HHS: Exchange Sign-Ups Reach 9.5M in Second Enrollment Period
On Tuesday, the Obama administration announced that 9.5 million U.S. residents have signed up for health plans through the exchanges so far during the Affordable Care Act's second open enrollment period, the New York Times reports (Pear, New York Times, 1/27).
Federal, State Enrollment Figures
According to HHS Secretary Sylvia Mathews Burwell, 7.1 million consumers as of Jan. 16 signed up for plans on HealthCare.gov (Humer/Morgan, Reuters, 1/27). Of those who signed up for coverage through the federal exchange:
- 4.1 million consumers selected or were automatically signed up for the same plan they had in 2014 or in similar plans; and
- Three million selected exchange plans for the first time.
Meanwhile, Burwell said 2.4 million consumers signed up for plans through state-run exchanges.
The administration said states with the highest sign-up numbers included:
- Florida, where 1.3 million people signed up through the federal exchange;
- California, where 1.2 million people signed up through the state-run exchange (New York Times, 1/27);
- Texas, with almost 920,000 sign-ups;
- North Carolina, with about 460,000 sign-ups; and
- Georgia, with more than 425,000 sign-ups (Alonso-Zaldivar, AP/Washington Times, 1/27).
In addition, Burwell said 87% of individuals who have signed up for coverage so far qualified for federal subsidies to help purchase coverage through the exchanges. According to the administration:
- 70% of the enrollees selected silver-level exchange plans; and
- 19% selected bronze-level coverage.
Burwell said, "We still have a lot of work to do" before the open enrollment period ends on Feb. 15, but that she is "encouraged by the strong interest we've seen so far." According to the New York Times, the White House expects the number of enrollments to surge leading up to the Feb. 15 deadline.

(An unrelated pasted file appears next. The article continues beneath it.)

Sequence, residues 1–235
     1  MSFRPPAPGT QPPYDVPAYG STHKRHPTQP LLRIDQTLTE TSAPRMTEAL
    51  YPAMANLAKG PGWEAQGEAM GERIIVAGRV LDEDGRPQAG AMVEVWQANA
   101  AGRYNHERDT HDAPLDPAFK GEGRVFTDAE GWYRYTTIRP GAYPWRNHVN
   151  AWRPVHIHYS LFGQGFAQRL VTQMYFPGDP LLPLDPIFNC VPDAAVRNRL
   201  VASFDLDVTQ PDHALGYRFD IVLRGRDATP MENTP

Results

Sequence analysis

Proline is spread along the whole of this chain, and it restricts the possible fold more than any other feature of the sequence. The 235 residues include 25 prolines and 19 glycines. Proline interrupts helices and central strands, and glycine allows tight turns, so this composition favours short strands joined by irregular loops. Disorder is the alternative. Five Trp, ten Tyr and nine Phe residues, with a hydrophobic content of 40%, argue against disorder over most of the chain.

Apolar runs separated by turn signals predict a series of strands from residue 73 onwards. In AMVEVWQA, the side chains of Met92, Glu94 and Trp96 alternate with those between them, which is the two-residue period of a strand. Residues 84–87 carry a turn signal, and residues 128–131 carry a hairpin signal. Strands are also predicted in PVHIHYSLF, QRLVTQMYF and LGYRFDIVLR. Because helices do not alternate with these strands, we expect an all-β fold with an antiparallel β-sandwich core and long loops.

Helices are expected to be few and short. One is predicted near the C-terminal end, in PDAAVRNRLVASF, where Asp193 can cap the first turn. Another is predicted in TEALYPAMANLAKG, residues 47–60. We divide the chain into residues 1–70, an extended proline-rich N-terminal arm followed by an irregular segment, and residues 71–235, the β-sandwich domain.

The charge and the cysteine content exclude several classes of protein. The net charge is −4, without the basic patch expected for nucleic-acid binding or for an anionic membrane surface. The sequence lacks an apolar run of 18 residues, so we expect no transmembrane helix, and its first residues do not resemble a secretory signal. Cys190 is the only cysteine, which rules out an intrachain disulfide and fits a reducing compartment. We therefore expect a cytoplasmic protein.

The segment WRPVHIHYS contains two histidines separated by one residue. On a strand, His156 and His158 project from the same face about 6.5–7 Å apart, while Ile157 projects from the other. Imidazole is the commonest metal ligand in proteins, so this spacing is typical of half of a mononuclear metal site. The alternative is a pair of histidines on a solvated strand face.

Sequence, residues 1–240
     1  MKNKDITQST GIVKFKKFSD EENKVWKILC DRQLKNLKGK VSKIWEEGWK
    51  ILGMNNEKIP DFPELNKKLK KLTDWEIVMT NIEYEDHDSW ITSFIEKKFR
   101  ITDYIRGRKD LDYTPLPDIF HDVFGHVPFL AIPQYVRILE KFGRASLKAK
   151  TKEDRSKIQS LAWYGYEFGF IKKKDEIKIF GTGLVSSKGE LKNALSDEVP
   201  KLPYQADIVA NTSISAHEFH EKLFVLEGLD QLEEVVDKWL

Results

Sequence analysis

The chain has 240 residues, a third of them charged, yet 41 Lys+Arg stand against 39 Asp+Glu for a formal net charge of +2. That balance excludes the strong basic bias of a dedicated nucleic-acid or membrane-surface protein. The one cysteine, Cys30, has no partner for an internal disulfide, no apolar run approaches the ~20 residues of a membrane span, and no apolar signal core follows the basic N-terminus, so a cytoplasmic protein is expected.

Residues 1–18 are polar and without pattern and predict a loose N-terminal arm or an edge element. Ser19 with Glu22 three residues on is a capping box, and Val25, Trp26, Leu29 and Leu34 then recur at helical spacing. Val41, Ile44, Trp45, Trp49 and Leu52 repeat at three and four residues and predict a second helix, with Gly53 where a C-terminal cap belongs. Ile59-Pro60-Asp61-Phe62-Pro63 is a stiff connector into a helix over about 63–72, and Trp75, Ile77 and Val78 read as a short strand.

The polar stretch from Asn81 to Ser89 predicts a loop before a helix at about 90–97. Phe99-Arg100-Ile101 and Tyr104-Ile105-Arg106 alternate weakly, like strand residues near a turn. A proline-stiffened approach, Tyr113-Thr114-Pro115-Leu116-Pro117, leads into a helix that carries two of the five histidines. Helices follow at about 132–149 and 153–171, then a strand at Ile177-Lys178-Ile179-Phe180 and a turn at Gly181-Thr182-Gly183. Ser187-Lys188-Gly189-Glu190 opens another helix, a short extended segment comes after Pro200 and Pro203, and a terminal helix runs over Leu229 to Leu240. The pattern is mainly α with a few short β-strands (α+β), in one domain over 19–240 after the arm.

Enrollment Figures Tentative
Officials said that while the 9.5 million figure surpasses the administration's goal of enrolling 9.1 million individuals, it is unlikely that all of the people who signed up for coverage will pay their first month's premiums, which completes the enrollment process and activates coverage.
For example, more than 15% of individuals who enrolled in exchange plans during last year's open enrollment period failed to pay their first month's premiums, according to the New York Times. Officials said they expect similar numbers this year (New York Times, 1/27). The administration did not specify how many of the 9.5 million enrollees had already paid their first month's premiums (Reuters, 1/27).
Young Adult Sign-Ups Similar to 2014 Figures
In related news, the percentage of young adults who have signed up for exchange coverage so far in the second open enrollment period is similar to the percentage who signed up last year, CQ HealthBeat reports.
About 26% of U.S. residents who have signed up for exchange coverage so far during the second open enrollment period are ages 18 to 34. In comparison, about 25% of all individuals who signed up for exchange coverage by Feb. 1, 2014 -- during last year's open enrollment period -- were in the same age group.
While the share of young adult sign-ups could increase by the enrollment period's Feb. 15 deadline, the figures so far are raising questions about whether insurers could raise premiums next year to accommodate for older, sicker risk pools, CQ HealthBeat reports. According to CQ HealthBeat, two of three major programs intended to protect insures from losses are scheduled to expire in 2016 (Adams, CQ HealthBeat, 1/27).
Officials, Advocates Ramp Up Young Adult Outreach
Surgeon General Vivek Murthy earlier this week joined Young Invincibles, Enroll America and other advocacy groups as part of growing outreach efforts designed to encourage young adult enrollment, The Hill reports (Ferris, The Hill, 1/27).
According to Politico, the advocacy groups have changed their strategies for targeting young adults this year to a more local, direct approach, such as partnerships with community organizations (Villacorta, Politico, 1/28). The groups are ramping up their outreach efforts, with plans to hold about 250 health care fairs this week, as well as more casual events including poetry slams and bar nights.
Murthy on Tuesday touted enrollment for young adults, noting that as a physician, he has seen young adults diagnosed with life-threatening diseases. He said, "The common denominator, with most of the young people I worked with, is that most of them were pretty healthy and never thought they'd get ill. That's why coverage is so important for millennials" (The Hill, 1/27).
Separately, Erin Hemlin, health care campaign director for Young Invincibles, said her group is "pretty happy" with the young adult sign-up numbers so far, adding that "we expect it to be a surge toward the end" of the open enrollment period (Politico, 1/28).This is part of the California Healthline Daily Edition, a summary of health policy coverage from major news organizations. Sign up for an email subscription.